News from the Science Classroom!
6th and 7th grades!
Having done an excellent job on their science experiments for the science fair, students are now taking on the study of basic chemistry. They have been studying characteristic properties of substances. They learned how to measure mass with triple beam balances, and to measure volume by water displacement, or by measuring length, width and height. They used these skills to help them calculate the density of many different metals, woods, and plastics. Then they were able to identify "mystery substances" using the density.
We have also been talking about other properties, such as boiling point and freezing point (and trying to imagine how hot it is when metals "freeze" into solids, and how cold it is when oxygen "boils") We explored the idea of solubility, and how some substances dissolve easily, and others don't.
We posed the question, "How do we use characteristic properties to separate substances?" Students were challenged to use their knowledge of properties, to separate a mixture of sand, salt and sawdust. We worked on connecting the names of the properties (density, solubility, and boiling point) to the differences that made it possible to separate them.
Lately, we have been learning about atoms and elements. Students are thinking about just how small an atom is, and trying to make sense of the fact that they are too small to see, but we have evidence that shows us their properties. We are distinguishing between elements (made of one kind of atom) and compounds (made of more than one kind... chemically bonded together)
Our study of the periodic table is aimed at helping students know how to use it as a reference tool (not memorize it) We have been exploring what all the symbols and numbers mean. We wondered, together, why it is such a strange shape, with some elements sticking out at the top. Students were given data on each element, and asked to organize it themselves, based on as many different pieces of evidence as they could. They discovered that it's organized by atomic number and atomic mass AND by what the elements combine with and whether they are metals, non-metals or metaloids.
This past week was particularly fun for students (and me too). We have been looking at the differences between chemical changes and physical changes, and thinking about how chemical changes make new substances. We saw pure sodium metal react violently with water (it catches fire and explodes), and talked about how sodium, combined with a poisonous green gas (chlorine) makes plain old table salt! We also burned paper, saw chemicals combine to produce color changes, saw other chemical combinations produce gasses, and 7th graders even saw chemicals produce heat or cold. Our objective is to see the difference between a physical change and a chemical change, and to understand that after a chemical change, there are new and completely different substances.
Upcoming is another "figure it out yourself" lab (known as student "inquiry" in educational circles) involving several chemical reactions. Students will see four chemicals mixed, and evidence of several chemical reactions. Their job is to figure out which combinations of substances cause which reactions.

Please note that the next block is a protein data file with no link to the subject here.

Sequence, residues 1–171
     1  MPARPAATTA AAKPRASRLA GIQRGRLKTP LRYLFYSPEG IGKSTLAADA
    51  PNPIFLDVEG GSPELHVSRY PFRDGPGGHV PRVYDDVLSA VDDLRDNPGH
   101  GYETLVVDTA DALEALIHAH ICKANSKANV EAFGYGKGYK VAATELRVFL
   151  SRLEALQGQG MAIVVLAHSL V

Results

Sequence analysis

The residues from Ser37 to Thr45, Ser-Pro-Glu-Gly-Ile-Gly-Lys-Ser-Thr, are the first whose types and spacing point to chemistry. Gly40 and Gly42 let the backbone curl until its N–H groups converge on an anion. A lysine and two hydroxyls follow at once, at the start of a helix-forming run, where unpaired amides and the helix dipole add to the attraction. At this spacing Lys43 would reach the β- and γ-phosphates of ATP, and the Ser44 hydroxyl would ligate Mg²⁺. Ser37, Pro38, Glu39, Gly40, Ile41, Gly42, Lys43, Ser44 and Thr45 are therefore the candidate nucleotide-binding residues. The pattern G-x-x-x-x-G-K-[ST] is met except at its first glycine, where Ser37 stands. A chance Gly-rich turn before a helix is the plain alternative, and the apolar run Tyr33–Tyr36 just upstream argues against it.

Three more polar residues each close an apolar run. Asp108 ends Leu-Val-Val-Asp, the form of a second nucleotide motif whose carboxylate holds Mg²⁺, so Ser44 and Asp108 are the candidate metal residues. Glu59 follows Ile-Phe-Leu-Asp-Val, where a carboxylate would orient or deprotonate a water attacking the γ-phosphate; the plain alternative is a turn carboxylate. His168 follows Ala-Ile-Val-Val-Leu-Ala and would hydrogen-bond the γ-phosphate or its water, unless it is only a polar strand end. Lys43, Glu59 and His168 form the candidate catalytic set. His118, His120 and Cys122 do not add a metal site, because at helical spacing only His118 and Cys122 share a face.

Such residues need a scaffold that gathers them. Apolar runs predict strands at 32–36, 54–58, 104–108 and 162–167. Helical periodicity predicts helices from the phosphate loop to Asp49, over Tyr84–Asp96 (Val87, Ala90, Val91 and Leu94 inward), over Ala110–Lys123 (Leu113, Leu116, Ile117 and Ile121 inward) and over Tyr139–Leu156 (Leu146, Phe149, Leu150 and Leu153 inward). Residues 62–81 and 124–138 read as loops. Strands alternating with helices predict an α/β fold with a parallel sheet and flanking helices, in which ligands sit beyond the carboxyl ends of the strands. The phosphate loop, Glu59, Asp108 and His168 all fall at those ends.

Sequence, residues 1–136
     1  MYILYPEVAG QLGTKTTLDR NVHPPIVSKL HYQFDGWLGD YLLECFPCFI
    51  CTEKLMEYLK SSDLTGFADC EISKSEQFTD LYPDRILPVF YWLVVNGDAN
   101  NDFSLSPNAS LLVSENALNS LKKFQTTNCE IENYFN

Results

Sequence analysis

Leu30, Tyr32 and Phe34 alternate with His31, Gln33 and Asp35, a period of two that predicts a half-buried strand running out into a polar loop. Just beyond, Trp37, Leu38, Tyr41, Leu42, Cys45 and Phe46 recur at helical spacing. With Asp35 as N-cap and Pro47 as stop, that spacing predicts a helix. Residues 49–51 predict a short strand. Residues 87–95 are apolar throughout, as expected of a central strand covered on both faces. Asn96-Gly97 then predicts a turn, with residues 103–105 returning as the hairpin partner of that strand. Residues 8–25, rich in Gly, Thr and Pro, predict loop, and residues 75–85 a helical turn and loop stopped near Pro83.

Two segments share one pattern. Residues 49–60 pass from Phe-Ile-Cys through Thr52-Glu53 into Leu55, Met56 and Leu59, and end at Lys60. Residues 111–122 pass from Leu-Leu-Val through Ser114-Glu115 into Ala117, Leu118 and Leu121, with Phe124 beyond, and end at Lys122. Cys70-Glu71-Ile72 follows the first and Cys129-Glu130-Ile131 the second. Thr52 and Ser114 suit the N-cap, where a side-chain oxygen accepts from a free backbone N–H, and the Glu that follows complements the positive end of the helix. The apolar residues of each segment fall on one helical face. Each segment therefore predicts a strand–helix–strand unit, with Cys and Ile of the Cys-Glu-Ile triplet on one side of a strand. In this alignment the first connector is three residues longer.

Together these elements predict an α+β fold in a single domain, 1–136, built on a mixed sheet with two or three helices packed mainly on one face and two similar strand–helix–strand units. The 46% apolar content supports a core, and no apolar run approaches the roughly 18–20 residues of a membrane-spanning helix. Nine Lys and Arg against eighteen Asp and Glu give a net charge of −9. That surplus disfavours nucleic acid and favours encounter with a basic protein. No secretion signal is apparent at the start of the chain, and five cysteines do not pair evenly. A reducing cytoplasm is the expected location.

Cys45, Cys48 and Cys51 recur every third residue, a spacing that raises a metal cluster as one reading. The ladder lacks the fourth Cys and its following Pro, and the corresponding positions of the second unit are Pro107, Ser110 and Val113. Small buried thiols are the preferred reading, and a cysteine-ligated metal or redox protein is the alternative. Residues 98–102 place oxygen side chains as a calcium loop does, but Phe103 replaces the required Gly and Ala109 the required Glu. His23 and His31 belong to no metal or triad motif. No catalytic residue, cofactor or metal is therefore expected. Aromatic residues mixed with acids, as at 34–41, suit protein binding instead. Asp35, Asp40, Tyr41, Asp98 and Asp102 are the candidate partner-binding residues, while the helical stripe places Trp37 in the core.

Soon we will turn our attention to weather, including how we measure pressure, humidity, temperature and wind, as well as how and why air moves, how clouds form, how we know when and where storms occur, and other weather-related learning. I am excited to look at data from our new electronic weather station, right at the school!
Throughout the year, 8th graders have been working on honing their informational writing skills. Scientists do experiments, but they also need to communicate clearly about them, and synthesize information they read about science topics. Clarifying one's ideas, enough to write clearly about them, is an important skill. The 8th graders wrote about the physics of roller coasters in the fall, they wrote about why planets orbit the sun, and why there are eclipses in the winter, and now in the spring, they are writing about a genetic disorder.
We have worked on a concise, clear, get-to-the-point writing style, that is different from story writing, and different from argument writing. We have worked on shortening our sentences, but using several short sentences in a row to get across a complex point. We have worked on coming right out and saying what needs to be said, with specific detail, but without too many extra words, and without introductory phrases that don't say much. Some students began the year with run-on sentences that included up to seven commas. They are learning to break apart complex sentences, and achieve a clean, crisp, concise style. Others started with such "concise" writing, that they left out most of the important detail that needed to be described. They are writing less vaguely now, with more specific terms, and fewer missed details.
I am so pleased with their efforts! The difference in their writing from the beginning of the year to now, is truly inspiring. They get many comments on their papers from me, and often feel somewhat overwhelmed. However, the improvements in the quality of their informational writing on the whole should make each of them very proud.
Our genetic disorder essay is currently in its third revision. Still to come, is the writing of a narrative story about a patient (fictional but realistic) who has the genetic disorder they wrote about. I will be looking for connections to their research, but also a sensitive, dramatic and realistic portrayal of the real life issues that face patients and families with these genetic disorders.